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Javan Batik

large Javan Batik-wall hanging.Various HIndu/Bud Deities-5 designs 100%cotton

large Javan Batik-wall hanging.Various HIndu/Bud Deities-5 designs 100%cotton

Regular price £35.00 GBP
Regular price Sale price £35.00 GBP
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Vintage large Javan Batik-wall hanging. Various HIndu/Buddhist Deities available
Overview Vintage item
Material: Javan BAtik
Item details: Other Qty Available:3 in stock Condition:
Vintage Style:Asian Model: 001-Brown Shiva/002-Blue Buddha 1/ 003-Blue Buddha head 3
Country/Region Of Manufacture: Java

More about this item Javan Batiks –Origins, Methods and History The word ‘batik’ is a Javanese and translates to mean points or dots. A standard definition of batik is that it is a way of colouring fabric with successions of dye baths, producing a design by using wax to resist the cloth, creating intricate designs. The process seems to have evolved on several continents as long ago as several thousand years. Antique pieces have been found in present day China, India, Egypt, Peru, Indonesia as well as places in the Middle East. The exact birthplace of Batik, is unknown, but it is most prevalent on the Indonesian Island of Java, where all aspects of the art-form have religious and historical significance. It was believed that when the art form was introduced there, batik belonged to the privileged. It was a ‘hobby’ for the ‘fine ladies’ of the time, although the messy work of waxing and dyeing cloth was probably left to the court artisans who worked for them. The ability to make exquisite batik was considered a sign of refinement. It first appeared in costumes of aristocrats and royalty. Sometimes, a certain design identified a person’s social status or origin, and specific patterns had special meanings. Traditionally, deep indigo and brown dyes were used. At first Indonesian artists used only the natural cotton so the cloth was white and originally represented three Hindu Gods (the God Shiva, symbolizing righteousness) and Vishnu, symbolising Wisdom. Legend says that the brown dye representing the God, Brahman, symbolising strength), made from mango bark, came into use after soldiers returning from battle with blood-stained batik cloth. Traditional Indonesian batik is created using tree resin, insect wax, coconut oil, paraffin or old recycled wax. These materials were combined indifferent proportions and each formula is used to create different effects. There is considerable demand for this high quality cloth. It is very durable and more colour-fast than printed fabrics as a result of the dying process. The fabric absorbs the colour so well that it will not easily fade. Details;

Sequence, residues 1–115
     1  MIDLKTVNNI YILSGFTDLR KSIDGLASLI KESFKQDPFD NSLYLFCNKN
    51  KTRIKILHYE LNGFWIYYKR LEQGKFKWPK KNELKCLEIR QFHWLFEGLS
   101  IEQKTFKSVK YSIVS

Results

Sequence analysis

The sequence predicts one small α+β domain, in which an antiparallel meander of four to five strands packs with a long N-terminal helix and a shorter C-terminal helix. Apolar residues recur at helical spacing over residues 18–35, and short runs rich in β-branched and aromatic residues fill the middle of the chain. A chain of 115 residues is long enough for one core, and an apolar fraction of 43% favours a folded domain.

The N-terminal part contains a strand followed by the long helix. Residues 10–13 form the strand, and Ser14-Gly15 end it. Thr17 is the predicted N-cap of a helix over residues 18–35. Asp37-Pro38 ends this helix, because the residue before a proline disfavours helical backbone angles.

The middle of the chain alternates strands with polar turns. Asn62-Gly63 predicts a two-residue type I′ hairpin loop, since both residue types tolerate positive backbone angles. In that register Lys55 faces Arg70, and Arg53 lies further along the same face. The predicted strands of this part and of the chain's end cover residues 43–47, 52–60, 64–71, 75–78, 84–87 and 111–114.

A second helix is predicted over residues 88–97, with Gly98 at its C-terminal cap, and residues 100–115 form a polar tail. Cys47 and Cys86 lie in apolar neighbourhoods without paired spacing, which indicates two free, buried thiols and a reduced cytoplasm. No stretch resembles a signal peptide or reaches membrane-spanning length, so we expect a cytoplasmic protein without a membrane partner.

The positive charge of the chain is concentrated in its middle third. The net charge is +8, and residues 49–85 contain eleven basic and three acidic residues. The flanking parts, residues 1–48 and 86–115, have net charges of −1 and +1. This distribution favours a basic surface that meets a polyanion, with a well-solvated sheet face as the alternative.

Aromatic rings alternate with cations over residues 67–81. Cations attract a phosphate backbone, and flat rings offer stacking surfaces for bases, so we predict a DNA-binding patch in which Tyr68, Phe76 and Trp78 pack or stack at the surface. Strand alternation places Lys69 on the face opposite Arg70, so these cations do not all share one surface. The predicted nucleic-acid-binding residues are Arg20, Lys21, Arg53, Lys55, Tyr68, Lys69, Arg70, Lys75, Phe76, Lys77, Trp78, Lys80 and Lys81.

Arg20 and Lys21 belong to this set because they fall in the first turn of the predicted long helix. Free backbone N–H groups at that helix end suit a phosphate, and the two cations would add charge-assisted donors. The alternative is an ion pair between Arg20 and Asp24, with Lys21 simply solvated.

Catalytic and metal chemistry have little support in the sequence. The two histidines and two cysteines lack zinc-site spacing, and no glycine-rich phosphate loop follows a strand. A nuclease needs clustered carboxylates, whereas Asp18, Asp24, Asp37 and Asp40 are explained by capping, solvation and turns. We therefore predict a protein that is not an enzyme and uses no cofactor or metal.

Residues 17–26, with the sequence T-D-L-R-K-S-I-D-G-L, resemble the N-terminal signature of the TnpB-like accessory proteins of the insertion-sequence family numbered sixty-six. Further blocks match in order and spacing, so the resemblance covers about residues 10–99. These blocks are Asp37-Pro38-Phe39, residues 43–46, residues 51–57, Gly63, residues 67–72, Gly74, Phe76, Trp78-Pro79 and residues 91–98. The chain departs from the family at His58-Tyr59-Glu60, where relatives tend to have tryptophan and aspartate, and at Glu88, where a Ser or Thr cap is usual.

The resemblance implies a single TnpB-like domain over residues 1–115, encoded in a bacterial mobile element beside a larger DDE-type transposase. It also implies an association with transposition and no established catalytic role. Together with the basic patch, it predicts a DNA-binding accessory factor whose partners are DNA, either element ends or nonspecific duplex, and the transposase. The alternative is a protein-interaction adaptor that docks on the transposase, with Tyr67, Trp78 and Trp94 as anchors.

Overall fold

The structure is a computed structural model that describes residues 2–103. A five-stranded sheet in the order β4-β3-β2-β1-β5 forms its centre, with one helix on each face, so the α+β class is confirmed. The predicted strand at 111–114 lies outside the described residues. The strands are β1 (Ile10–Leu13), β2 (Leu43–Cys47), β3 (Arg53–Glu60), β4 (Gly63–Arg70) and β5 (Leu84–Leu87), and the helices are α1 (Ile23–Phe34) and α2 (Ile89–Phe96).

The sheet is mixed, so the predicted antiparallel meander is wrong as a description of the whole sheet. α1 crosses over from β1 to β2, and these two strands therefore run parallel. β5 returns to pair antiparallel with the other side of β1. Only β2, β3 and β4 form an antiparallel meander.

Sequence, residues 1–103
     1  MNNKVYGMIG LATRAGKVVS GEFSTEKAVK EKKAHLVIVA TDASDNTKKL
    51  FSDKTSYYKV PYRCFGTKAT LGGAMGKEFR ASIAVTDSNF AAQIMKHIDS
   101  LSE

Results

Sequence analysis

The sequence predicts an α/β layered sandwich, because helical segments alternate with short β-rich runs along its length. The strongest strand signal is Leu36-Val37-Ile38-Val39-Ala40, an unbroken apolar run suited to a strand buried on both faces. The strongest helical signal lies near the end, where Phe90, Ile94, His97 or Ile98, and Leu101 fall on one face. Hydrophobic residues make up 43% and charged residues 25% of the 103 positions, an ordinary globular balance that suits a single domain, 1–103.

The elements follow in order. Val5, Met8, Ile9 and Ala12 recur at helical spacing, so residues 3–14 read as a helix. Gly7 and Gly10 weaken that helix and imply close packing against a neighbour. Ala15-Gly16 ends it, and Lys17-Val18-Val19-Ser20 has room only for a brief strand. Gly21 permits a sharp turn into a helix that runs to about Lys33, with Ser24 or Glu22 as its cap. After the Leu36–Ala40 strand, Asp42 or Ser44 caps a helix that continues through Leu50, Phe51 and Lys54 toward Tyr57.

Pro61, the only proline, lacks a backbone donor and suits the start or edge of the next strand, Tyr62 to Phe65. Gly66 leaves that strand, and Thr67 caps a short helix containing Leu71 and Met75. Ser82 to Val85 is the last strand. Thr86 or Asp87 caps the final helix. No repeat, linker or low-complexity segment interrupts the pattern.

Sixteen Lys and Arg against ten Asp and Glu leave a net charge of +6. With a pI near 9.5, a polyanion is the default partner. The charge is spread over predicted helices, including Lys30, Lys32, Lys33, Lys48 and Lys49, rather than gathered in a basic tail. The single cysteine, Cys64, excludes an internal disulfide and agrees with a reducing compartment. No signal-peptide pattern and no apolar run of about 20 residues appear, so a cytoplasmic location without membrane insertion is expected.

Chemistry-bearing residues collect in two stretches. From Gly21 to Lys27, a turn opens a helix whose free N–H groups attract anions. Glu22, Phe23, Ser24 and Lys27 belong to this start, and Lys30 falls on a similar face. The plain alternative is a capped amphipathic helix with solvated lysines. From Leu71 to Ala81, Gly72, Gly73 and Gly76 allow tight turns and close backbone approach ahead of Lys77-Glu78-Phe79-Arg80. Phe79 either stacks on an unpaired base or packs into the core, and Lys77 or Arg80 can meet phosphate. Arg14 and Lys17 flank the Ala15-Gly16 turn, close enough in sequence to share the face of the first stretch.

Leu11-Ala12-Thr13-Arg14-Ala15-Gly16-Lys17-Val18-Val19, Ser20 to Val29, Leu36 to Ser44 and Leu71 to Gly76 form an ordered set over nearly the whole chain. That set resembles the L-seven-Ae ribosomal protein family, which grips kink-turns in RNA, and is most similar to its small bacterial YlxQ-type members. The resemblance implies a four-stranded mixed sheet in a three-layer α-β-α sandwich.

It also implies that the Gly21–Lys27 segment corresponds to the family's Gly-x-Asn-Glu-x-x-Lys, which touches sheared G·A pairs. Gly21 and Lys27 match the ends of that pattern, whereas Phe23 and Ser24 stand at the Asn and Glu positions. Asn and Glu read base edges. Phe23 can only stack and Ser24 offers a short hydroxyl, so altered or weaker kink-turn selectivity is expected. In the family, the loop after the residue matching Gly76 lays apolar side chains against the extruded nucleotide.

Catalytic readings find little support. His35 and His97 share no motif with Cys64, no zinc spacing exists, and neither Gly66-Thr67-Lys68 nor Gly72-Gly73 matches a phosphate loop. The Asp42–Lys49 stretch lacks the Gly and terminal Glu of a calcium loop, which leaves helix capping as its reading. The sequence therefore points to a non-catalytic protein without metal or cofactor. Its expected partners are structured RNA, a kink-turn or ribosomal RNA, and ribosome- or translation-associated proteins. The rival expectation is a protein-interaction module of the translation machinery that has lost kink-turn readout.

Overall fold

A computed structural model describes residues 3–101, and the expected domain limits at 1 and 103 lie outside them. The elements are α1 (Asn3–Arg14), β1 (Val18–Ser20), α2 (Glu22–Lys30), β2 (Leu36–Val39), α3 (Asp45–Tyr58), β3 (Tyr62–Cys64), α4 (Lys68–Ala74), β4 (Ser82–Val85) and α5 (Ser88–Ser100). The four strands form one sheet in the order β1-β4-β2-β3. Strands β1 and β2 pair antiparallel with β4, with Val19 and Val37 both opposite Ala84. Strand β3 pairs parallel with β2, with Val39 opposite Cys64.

Description: Unframed Hindu Deity: Shiva/ Buddha Details:
Shiva=Large Blue Buddha 173cm x 96cm
Blue Buddha head 135cm x 94cm
Brown Shiva 137cm x 93cm
Brown Buddha 169cm x 96cm
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